The Renters Reform Bill proposes significant changes to the private rental sector. The bill aims to make the rental market fairer for tenants in the UK and has introduced a number of new provisions to achieve this. A key change being, the abolishment of section 21 notices. However, there are also other key changes being introduced such as the discontinuance of the blanket ban on benefits.
For years both Landlords and Letting Agents have implemented ‘No DSS’ or ‘No benefits’ policies in which agents would refuse to accept applicants in receipt of benefits. Previously, there was no direct law preventing Landlords from doing so. Therefore, it is commonplace in the private rental sector due to prohibitions from mortgage lenders, difficulty reconciling benefit payments with rental demands and higher premiums from insurance providers.
However, such refusals have now been ruled as unlawful discrimination by the courts. The courts ruled that these ‘blanket bans’ on benefits go against the Equality Act. They discriminate against women, the disabled and vulnerable people and are making it harder for them to rent.
This court ruling did not seem to have much impact, with many landlords still listing their properties as ‘No DDS’ despite it being considered discriminative. The Renters Reform Bill is now taking this ruling one step further by making it illegal to have a blanket ban on renting to those in receipt of benefits. If this new law is ignored, landlords could face some serious consequences.
This development in the law is likely to be very daunting for landlords across the UK. They will have less control over who is residing in their property. In an attempt to reduce concern, the government have set out several ways in which they will assist Landlords, including:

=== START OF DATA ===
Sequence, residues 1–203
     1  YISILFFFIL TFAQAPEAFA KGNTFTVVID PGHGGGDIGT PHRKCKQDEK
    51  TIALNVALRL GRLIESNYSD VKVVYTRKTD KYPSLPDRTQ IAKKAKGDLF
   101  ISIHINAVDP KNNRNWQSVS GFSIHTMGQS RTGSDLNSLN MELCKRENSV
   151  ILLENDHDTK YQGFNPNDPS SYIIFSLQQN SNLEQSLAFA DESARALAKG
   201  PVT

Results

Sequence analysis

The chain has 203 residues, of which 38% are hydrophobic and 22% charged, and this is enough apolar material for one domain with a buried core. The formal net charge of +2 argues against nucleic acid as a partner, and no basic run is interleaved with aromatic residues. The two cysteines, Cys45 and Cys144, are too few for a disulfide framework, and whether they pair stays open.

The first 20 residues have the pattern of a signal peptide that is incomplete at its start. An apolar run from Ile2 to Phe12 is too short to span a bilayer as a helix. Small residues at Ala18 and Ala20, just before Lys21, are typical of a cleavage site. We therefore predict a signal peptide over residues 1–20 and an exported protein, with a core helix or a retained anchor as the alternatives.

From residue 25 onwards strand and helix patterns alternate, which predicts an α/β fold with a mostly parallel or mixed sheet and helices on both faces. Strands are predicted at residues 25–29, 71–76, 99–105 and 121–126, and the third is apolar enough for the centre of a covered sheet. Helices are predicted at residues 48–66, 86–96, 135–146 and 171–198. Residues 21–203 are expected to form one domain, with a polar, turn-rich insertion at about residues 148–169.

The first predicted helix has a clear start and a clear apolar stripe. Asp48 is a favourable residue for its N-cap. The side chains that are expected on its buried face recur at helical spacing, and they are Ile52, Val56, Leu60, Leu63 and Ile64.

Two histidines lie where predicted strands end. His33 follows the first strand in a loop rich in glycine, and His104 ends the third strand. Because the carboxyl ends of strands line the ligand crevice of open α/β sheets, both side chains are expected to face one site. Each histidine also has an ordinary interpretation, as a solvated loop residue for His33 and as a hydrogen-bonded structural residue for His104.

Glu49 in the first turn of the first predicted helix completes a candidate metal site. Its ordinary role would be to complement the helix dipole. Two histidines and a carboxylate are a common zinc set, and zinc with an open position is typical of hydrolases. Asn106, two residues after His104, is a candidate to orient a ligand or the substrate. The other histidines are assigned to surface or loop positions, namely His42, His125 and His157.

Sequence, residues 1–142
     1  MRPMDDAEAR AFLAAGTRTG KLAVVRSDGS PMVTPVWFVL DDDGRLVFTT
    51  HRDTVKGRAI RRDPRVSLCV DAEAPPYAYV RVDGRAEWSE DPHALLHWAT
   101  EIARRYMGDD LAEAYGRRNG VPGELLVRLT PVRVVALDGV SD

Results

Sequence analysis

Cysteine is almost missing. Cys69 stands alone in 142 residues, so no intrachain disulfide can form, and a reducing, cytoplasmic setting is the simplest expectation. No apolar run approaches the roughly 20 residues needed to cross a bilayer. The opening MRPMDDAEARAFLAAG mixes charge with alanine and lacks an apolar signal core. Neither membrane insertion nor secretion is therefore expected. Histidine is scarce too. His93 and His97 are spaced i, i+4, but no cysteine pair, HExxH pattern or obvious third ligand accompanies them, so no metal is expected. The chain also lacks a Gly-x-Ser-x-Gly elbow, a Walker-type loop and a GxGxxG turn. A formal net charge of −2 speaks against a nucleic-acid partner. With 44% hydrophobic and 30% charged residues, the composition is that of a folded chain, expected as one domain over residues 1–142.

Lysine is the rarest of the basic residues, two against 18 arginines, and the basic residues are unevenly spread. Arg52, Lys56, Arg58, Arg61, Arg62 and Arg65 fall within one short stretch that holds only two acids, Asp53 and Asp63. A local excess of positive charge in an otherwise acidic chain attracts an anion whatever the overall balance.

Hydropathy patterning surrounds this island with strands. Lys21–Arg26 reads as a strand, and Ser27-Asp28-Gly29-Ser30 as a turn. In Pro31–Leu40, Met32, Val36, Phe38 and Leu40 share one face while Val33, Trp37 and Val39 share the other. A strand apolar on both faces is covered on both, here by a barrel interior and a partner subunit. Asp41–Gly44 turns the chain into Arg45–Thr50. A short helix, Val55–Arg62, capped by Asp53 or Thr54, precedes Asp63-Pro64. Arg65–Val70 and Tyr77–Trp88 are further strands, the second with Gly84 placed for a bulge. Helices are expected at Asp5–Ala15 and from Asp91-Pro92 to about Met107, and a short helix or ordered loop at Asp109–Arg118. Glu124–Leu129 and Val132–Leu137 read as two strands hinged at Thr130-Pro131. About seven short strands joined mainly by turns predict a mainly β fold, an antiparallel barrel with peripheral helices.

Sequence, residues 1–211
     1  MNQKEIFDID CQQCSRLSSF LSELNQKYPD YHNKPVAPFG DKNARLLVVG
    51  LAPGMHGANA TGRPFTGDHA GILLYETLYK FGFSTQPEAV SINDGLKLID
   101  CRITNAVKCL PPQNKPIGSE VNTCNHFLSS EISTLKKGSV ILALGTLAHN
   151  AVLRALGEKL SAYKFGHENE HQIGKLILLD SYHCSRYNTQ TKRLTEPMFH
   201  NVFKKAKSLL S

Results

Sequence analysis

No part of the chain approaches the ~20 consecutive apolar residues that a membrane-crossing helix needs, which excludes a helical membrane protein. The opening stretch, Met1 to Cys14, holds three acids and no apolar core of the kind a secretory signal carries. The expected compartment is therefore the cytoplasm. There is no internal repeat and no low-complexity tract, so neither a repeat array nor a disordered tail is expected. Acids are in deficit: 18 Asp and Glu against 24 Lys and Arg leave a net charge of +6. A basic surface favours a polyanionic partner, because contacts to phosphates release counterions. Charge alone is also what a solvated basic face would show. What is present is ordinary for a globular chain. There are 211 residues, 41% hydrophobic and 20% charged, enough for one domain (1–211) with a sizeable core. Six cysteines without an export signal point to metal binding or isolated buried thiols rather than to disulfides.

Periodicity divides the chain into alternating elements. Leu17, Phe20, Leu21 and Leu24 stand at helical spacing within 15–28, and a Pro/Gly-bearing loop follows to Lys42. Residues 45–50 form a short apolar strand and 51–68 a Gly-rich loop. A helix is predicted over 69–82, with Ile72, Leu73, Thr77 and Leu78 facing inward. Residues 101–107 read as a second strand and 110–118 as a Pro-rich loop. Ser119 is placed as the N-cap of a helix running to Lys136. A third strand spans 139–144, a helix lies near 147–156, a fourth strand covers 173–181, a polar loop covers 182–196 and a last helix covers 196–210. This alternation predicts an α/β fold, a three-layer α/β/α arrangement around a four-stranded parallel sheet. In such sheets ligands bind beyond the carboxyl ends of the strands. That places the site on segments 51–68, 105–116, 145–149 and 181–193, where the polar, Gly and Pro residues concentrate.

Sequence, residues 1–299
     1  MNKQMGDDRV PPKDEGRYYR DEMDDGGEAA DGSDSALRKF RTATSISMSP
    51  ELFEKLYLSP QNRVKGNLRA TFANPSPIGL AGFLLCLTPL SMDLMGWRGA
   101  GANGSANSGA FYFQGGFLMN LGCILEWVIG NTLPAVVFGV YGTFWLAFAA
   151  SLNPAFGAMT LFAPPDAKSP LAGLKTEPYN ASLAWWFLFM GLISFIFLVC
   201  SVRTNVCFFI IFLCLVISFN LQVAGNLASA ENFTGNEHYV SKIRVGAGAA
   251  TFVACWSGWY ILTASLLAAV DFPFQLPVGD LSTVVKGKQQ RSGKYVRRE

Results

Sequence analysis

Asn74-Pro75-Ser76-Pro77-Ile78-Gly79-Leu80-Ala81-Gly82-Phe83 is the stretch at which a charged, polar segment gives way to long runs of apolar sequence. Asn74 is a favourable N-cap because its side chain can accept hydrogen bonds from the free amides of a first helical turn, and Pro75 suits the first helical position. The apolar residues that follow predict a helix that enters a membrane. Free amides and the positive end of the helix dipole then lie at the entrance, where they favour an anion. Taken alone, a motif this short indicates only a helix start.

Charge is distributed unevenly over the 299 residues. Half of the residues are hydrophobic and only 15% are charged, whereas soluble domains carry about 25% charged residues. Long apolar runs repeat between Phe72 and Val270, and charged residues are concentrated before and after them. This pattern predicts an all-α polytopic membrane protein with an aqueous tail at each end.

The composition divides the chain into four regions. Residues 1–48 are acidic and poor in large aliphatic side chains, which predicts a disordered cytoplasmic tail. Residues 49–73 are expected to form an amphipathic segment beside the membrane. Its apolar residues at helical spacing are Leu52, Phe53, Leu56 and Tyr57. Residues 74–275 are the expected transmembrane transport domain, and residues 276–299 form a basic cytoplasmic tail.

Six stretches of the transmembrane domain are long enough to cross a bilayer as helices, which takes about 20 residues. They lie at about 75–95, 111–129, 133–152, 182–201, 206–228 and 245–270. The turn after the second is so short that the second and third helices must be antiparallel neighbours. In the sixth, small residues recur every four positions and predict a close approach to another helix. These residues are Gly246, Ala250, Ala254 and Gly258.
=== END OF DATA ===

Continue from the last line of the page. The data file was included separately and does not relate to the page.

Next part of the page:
- Supporting Landlords in making informed decisions on tenants’ credentials, rather than relying on blanket bans.
- Working with insurance providers to address concerns about policies for landlords renting to tenants receiving benefits.
- Exploring improvements to welfare support information and ensuring those who cannot manage their rental payments can arrange to have their housing payments made directly to their landlord.
- Boosting awareness of the local services available to those who are living on a low wage or receiving benefits.
The above provisions may ease landlord’s concerns about letting to tenants receiving benefits. However, it should not replace the necessary checks done on all tenants. These must be done before the decision is made to let out your property.
Robust referencing reports make all the difference. They ensure you know exactly who is residing in your property. It also proves their ability to pay, and provides useful information should you need to pursue your tenant for rent arrears or costs associated with damage to the property at a later date. At Woodstock we assist thousands of landlords to recover money owed to them and a detailed referencing report can often prove a very useful tool.
The reality is that in a competitive private rental sector with reducing stock and rising rents it will be very difficult for tenants to determine that their reliance on benefits was the sole reason they were not let a property. However the team at Woodstock strongly recommend that agents and landlords document their marketing and shortlisting process to avoid any criticism that they are acting in a discriminatory manner or are in breach of the new rules – when they come in.
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